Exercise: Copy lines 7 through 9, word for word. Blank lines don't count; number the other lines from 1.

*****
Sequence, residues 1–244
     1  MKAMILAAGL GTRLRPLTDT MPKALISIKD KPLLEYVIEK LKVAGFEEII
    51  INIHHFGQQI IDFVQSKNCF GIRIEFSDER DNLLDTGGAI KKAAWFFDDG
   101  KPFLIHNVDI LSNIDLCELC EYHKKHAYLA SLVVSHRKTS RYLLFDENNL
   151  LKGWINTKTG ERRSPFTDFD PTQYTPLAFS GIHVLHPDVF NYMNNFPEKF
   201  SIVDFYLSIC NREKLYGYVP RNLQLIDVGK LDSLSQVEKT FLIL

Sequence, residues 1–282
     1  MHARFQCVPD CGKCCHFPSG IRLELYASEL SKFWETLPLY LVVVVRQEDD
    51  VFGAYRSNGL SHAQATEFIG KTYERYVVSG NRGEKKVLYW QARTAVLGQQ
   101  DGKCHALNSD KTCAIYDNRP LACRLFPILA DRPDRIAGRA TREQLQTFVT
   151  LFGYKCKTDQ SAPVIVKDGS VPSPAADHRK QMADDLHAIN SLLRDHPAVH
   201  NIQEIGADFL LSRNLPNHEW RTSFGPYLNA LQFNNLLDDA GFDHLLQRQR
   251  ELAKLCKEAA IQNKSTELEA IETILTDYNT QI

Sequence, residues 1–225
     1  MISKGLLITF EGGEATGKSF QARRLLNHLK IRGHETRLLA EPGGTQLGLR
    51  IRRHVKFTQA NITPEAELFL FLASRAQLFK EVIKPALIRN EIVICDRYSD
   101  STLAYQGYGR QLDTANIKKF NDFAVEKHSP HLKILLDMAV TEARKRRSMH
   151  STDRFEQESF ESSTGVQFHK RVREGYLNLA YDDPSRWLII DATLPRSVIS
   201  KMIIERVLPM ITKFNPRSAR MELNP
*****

Sequence, residues 1–282
     1  MHARFQCVPD CGKCCHFPSG IRLELYASEL SKFWETLPLY LVVVVRQEDD
    51  VFGAYRSNGL SHAQATEFIG KTYERYVVSG NRGEKKVLYW QARTAVLGQQ